The findings of fact issued following the bench trial included in substance the following. This action arises from the failed sale of another casualty of the dot.com implosion. In May 2000, EasyLink formed ICI, an internet services company with offices in Bombay, India and New York City. ICI provided various services through its internet portal including information related to India, web consulting services, and the sale of hardware and software. After suffering heavy losses with ICI, EasyLink decided in March 2001 to sell its subsidiary.
The defendant, who had been employed as a senior corporate officer at ICI, signed on April 18, 2001, the first of three broker agreements with EasyLink for the sale of ICI (the "First Agreement"). The First Agreement provided, inter alia, that Dalal would be the exclusive broker for the sale of ICI, that Dalal would receive a commission based upon the amount and timing of the sale, that ICI could not refuse any offer above half a million dollars, and that the agreement would expire after a Page 4 specified time period.*fn3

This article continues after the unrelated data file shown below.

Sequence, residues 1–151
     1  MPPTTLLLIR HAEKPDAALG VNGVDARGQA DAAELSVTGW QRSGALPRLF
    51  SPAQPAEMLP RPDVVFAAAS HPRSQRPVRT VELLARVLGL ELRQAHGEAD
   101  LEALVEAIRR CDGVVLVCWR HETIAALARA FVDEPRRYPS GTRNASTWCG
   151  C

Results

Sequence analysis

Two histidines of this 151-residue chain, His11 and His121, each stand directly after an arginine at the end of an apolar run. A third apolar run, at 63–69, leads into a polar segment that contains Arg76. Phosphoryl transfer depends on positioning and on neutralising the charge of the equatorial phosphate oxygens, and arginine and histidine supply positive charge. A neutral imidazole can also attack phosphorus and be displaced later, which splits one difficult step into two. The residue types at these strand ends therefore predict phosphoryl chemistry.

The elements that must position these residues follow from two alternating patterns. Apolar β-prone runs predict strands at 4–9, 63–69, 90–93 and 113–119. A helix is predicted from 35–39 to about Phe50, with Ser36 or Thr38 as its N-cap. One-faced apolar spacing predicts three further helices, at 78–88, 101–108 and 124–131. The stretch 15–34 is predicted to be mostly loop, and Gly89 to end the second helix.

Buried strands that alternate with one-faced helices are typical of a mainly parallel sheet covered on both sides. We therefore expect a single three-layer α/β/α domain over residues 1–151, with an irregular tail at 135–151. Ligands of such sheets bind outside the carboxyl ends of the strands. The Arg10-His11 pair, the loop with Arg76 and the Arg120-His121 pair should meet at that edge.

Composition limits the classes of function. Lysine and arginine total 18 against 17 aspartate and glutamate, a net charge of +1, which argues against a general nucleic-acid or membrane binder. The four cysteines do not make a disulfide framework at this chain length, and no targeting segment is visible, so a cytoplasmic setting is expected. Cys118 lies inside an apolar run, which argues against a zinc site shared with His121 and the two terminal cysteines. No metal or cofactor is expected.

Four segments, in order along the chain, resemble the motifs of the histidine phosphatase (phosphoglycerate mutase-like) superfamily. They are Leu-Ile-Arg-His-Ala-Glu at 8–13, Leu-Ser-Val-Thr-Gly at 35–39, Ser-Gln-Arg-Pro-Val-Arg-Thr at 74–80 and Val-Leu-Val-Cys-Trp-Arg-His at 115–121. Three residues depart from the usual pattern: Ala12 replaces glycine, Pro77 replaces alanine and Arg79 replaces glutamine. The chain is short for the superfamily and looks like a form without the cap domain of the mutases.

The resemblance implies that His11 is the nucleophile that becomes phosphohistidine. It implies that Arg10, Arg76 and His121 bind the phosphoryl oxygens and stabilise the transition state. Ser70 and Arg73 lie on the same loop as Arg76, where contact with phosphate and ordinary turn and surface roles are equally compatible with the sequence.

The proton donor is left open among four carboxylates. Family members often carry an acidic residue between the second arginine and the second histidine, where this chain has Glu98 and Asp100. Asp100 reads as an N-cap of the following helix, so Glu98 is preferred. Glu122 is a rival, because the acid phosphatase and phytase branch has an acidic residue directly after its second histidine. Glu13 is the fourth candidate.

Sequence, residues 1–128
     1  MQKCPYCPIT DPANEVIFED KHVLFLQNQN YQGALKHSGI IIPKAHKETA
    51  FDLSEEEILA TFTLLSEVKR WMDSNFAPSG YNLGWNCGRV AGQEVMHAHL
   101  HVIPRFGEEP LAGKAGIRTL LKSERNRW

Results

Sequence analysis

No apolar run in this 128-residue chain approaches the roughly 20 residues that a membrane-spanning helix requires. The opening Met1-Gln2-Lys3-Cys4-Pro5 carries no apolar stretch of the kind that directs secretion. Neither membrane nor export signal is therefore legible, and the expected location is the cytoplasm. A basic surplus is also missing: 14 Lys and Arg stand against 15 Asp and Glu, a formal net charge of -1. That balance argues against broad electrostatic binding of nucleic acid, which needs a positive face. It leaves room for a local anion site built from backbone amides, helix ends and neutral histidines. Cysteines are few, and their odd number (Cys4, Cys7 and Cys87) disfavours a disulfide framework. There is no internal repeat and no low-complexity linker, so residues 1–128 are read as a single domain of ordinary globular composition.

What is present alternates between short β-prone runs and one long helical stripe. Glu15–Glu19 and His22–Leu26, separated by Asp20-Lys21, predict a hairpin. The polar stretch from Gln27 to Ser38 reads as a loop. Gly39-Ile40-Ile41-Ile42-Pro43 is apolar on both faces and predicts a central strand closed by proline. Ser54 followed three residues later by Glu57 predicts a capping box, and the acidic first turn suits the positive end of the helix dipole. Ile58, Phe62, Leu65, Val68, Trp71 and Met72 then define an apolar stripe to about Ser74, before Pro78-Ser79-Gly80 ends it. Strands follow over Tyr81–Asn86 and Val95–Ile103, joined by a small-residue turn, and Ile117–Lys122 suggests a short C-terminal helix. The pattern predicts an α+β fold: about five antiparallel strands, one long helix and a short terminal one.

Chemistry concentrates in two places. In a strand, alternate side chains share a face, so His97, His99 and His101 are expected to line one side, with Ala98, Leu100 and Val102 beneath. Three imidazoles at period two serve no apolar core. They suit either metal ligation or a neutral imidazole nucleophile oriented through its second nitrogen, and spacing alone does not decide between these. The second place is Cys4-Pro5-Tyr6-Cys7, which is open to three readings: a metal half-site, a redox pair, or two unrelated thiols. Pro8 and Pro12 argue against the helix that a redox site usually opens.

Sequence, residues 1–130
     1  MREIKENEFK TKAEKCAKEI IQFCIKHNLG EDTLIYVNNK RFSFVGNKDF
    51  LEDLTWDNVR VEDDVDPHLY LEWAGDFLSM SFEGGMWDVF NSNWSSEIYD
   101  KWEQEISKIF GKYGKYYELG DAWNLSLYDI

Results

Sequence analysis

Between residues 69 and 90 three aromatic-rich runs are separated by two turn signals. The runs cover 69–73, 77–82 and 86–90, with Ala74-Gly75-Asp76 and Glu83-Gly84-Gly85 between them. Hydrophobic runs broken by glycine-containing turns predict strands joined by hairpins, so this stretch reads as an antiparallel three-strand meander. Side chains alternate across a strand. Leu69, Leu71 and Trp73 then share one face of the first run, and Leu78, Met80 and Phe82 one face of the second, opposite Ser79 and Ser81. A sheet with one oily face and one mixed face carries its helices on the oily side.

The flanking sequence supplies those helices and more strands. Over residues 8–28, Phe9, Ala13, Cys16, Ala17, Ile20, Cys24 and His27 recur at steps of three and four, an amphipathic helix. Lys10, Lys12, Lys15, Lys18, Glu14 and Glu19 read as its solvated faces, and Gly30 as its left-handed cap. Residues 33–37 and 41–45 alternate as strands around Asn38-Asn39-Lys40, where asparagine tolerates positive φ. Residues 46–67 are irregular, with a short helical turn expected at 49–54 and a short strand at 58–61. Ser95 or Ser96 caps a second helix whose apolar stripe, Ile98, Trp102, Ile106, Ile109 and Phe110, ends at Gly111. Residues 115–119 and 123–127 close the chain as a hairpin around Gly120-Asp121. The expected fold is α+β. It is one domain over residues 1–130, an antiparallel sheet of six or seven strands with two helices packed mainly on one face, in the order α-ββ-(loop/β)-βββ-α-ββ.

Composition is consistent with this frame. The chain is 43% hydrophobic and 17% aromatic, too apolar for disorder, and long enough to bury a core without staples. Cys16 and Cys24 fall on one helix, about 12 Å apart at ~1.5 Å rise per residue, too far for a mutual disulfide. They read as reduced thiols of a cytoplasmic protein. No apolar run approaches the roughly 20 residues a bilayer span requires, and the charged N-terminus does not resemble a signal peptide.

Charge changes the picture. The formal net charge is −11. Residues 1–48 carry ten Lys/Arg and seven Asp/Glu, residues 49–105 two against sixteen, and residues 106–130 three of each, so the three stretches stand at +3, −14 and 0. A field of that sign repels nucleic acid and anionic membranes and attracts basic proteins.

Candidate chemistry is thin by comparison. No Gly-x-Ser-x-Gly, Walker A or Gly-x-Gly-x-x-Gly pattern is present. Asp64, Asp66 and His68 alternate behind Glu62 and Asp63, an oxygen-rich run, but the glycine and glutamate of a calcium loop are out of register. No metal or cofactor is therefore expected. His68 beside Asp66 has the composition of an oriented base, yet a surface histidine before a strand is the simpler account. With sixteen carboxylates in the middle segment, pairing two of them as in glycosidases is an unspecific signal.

By May 2001, EasyLink, with the assistance of the defendant, had found a buyer, Business India ("BI"), a media company based in India, willing to sign a term sheet. At the end of July, EasyLink and Dalal signed a second broker agreement (the "Second Agreement") which extended the expiration dates in the First Agreement by thirty days, to November 14, 2001. It confirmed that payment under the formula enumerated in Section 2(b) of the First Agreement would also be extended. EasyLink and BI signed an escrow agreement in August of 2001, which provided that BI would deposit a specified amount into the escrow account and that Page 5 this amount would either be applied to the sale of ICI or would be forfeit to EasyLink in the event that the sale had not closed by the end of November 2001.